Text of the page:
Voluntary £40 pass for campervans

A new voluntary scheme has launched across the Highlands aimed at encouraging campervan and motorhome users visiting the region to contribute towards the cost of tourist infrastructure. The new £40 Highland Campervan and Motorhome Scheme is being aimed at socially conscious travellers, with those opting to pay for the seven-day pass helping to contribute towards improvements to the likes of public toilets and wastewater infrastructure.

“Long before the NC 500 was named, just after WW2 Germany’s fledgling tourist industry linked together 29 cities and towns and called it “Romantic Road”. It’s been a massive success and has attracted millions of visitors with many like us travelling in motorhome…What was done to protect the lives of the people who live along the route? In every one of these towns and at many places in between they built a Stellplatz (Aire). They ALL have a place to dump toilet waste and you can take on and dump water…Please do not put Motorhomes in car parks with no facilities, if you do the results will be messy.” - David Dowling, Inverness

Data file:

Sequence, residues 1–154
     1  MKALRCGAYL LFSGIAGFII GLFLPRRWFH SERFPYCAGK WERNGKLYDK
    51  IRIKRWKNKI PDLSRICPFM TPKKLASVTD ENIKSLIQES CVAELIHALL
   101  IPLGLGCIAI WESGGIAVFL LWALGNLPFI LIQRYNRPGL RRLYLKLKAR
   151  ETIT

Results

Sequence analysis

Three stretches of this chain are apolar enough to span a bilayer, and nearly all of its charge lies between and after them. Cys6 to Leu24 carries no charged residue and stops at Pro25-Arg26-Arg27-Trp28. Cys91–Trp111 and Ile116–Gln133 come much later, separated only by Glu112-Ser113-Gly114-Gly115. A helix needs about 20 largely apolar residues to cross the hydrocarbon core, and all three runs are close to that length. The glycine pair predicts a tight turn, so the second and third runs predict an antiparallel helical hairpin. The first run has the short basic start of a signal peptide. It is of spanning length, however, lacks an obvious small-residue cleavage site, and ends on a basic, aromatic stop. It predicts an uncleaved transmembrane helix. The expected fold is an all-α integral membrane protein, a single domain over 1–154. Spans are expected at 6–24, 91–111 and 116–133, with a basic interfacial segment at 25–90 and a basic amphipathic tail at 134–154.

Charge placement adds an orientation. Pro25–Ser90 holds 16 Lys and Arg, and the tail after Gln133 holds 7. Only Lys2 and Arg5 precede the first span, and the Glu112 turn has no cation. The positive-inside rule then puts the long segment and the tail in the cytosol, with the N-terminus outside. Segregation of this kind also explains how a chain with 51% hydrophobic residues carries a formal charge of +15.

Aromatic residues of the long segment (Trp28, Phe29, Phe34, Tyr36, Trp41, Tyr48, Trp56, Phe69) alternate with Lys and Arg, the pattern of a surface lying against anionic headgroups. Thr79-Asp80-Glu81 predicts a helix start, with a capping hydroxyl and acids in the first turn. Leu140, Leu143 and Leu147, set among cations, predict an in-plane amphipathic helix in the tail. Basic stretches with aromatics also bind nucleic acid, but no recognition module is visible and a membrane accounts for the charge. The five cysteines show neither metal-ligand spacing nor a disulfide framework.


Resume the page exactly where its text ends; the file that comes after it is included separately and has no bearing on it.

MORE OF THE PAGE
“Motorhomers/Campervans don’t add to the local economy? You have to be kidding! We buy fuel, bread on a daily basis + a myriad of other foods and services! I would however, happily pay the £40 for the pass if it gives me access to various facilities and parking. Pass needs to be extended to 14 days.” - Bryan Challice, Dorset

“This £40 camper van pass is a great start. But why is there not some driving qualification that relates to these vehicles? Inexperienced drivers can take the wheel and drive on our challenging roads without any instruction or training on how to handle these vehicles. Every other vehicle that is out of the norm and carries passengers requires certification. Why not these!! The driving skills of these people is hugely questionable.”- Fiona Russell, Inverness

Letters should be submitted to newsdesk@hnmedia.co.uk. Please include your address and a daytime contact number. You can also tweet us: @InvCourier or leave a comment on Facebook @invernesscourier